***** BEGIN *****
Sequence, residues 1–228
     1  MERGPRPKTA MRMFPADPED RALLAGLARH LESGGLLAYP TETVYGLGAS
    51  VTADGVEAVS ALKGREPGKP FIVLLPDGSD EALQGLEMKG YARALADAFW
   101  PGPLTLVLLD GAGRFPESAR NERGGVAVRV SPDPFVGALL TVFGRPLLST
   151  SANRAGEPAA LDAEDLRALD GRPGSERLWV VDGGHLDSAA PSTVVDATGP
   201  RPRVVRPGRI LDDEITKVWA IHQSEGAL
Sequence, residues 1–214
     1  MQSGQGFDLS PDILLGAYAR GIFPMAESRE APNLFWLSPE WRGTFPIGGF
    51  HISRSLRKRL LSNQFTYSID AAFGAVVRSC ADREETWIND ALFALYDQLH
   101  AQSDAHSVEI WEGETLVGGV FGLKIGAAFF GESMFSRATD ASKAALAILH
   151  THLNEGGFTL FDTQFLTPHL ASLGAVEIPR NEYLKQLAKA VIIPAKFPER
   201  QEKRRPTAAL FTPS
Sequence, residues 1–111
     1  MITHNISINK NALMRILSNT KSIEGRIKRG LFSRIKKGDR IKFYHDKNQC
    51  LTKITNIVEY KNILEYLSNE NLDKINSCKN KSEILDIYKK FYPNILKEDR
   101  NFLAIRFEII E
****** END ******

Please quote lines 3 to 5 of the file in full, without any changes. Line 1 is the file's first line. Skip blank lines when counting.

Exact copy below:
    51  VTADGVEAVS ALKGREPGKP FIVLLPDGSD EALQGLEMKG YARALADAFW
   101  PGPLTLVLLD GAGRFPESAR NERGGVAVRV SPDPFVGALL TVFGRPLLST
   151  SANRAGEPAA LDAEDLRALD GRPGSERLWV VDGGHLDSAA PSTVVDATGP